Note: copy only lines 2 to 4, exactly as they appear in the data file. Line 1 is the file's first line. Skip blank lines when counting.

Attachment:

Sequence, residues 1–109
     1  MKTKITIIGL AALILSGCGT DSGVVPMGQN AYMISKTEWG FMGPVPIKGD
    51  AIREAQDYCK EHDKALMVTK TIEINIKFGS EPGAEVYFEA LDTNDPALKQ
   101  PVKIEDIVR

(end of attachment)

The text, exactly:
     1  MKTKITIIGL AALILSGCGT DSGVVPMGQN AYMISKTEWG FMGPVPIKGD
    51  AIREAQDYCK EHDKALMVTK TIEINIKFGS EPGAEVYFEA LDTNDPALKQ
   101  PVKIEDIVR